Master of Science in Mental Health Counseling

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Lance Newman, Interim Dean
Scott Gust, Associate Dean
Ashley Seitz Kramer, Assistant Dean

Faculty: Ellen Behrens, Colleen Sandor, Janine Wanlass

Master of Science in Mental Health Counseling Courses

Admission to Master of Science in Mental Health Counseling

Program Mission

The Masters in Mental Health Counseling program at Westminster College educates students in the fundamentals of counseling theory and practice in an experiential and interpersonal learning environment that facilitates personal and professional growth. Our aim is to train professional counselors with a sound basis in ethical behavior, psychological theories, and professional counseling skills, creating a knowledge base and capacity for thinking that can be translated into effective counseling practice with individuals, families, and groups from diverse backgrounds. We strive to guide our students to become more self-aware and self-reflective as they hone their intellectual and emotional skills. We encourage critical thinking, emphasize professional honesty and integrity, and foster a commitment to providing services to local communities.

Program Goals

The program of study is designed to develop a student’s ability to:

  • Practice in the field of mental health with a comprehensive understanding of ethical and professional behavior.
  • Establish a professional identity in a career as a mental health counselor within a local community.
  • Articulate a fundamental knowledge of research, theory, and practice in the field of counseling from a broad range of clinical perspectives.
  • Engage in critical thinking skills and develop a heightened self-awareness.
  • Appreciate and practice counseling skills with an acute sensitivity to issues of diversity.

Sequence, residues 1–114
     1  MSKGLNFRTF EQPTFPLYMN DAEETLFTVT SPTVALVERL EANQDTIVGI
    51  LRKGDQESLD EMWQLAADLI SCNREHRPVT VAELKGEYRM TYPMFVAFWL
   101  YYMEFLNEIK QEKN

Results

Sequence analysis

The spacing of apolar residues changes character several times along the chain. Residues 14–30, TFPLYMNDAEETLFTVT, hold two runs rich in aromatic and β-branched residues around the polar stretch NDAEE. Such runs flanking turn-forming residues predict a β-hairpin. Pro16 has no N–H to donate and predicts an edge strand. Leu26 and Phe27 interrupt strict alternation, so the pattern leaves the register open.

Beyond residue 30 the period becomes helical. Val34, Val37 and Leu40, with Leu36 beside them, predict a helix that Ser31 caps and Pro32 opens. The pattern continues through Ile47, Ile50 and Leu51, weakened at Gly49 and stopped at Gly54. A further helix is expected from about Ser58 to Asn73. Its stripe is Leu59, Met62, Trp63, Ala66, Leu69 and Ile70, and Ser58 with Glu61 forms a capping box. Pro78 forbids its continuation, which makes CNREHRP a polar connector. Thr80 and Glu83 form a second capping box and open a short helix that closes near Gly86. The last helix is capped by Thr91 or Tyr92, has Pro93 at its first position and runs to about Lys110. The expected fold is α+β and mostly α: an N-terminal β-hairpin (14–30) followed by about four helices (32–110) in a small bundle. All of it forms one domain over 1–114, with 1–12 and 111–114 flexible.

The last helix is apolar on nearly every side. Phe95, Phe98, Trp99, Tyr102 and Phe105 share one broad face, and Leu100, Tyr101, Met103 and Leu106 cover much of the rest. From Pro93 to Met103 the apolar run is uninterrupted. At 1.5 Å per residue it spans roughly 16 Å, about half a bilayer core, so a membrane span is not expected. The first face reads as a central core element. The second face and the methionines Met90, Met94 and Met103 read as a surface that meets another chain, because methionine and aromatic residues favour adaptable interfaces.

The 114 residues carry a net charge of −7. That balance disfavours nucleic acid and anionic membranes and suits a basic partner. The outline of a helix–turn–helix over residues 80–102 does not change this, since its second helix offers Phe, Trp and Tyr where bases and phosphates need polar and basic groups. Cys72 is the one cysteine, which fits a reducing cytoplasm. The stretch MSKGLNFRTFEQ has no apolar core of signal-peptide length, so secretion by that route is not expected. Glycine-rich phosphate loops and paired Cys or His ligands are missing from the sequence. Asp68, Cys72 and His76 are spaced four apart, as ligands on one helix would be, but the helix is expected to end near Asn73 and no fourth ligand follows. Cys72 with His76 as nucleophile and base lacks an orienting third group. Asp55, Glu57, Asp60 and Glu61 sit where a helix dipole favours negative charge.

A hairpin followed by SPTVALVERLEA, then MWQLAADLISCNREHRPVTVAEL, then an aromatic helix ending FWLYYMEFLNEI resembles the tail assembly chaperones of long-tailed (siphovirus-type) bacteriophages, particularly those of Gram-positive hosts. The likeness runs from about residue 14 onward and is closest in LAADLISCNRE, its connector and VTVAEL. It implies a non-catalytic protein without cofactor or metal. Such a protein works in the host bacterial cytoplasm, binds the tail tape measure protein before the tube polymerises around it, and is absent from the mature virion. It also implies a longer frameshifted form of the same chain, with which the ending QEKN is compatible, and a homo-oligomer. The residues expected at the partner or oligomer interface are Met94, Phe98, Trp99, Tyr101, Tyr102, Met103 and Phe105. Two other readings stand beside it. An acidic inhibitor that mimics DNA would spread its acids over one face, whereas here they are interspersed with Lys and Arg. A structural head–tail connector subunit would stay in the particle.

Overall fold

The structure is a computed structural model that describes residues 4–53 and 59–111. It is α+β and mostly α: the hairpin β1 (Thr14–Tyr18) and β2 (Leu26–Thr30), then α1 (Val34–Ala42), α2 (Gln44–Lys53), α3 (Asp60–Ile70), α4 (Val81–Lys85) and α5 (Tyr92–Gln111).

• Seek professional consultation with colleagues and supervisors, facilitating engagement in a life long learning process.
  • Assess individuals, families, and groups using appropriate theory and skills and derive appropriate intervention strategies to help these clients resolve their problems of living.

Retention in the Program

The student must:

  • Maintain a grade point average of 3.0. If the student receives a grade of C+ or lower in any course, the credit hours for this course do not count toward graduation requirements and must be repeated.
  • Pass comprehensive exam (70%) and write an acceptable case conceptualization of a client in the third year of study.
  • Complete the program within 5 years.
  • Comply with ethical standards for counselors (ACA, ACMHCA codes) and all policies for practicum students, interns, or employees at community clinical placements. Failure to do so may result in suspension or dismissal from the program.

Program Probation and Dismissal Policy

A student may receive a practicum/internship/classroom warning of program probationary status at any time during a field or classroom experience if the instructor determines that the student’s performance is unsatisfactory. The written warning will outline what the student must do to meet the course or program requirements. Program probation will be removed if the student is able to satisfy the conditions listed in the written warning; however, any program probationary status will be documented in the student’s record.

A student can be dismissed from the Masters in Professional Counseling program for any of the following reasons:

  • Violation of the academic honesty policy.
  • Violation of the ethical code for counselors.
  • Failure to maintain a GPA appropriate for the program.
  • A documented pattern of unprofessional behavior in the classroom or clinical setting.
  • A documented violation of agency policy or procedures in a clinical placement.

Graduation Requirements

To be eligible for a master’s degree or graduate certificate, students must satisfy the following conditions:

  • Meet all credit hour and other course requirements.
  • Maintain an overall grade point average of 3.0 or above.
  • Be enrolled at Westminster College during the semester in which they wish to graduate.
  • Maintain good academic standing.
  • Earn a grade of B- or higher in all graduate courses.

Note: Only graduate-level coursework may be applied toward degree or certificate requirements.
The final responsibility for being informed about, and adhering to, graduation requirements rests with the individual.

Program Requirements

Students must complete at least 60 hours of graduate course work drawn from the following:

Requirement Description
Credit Hours Prerequisites
I. Required Courses 54
MSMHC 605 Seminar in Professional Counseling Roles (1)
MSMHC 610 Counseling Ethics (3)
MSMHC 612 Statistics and Research Methods (3)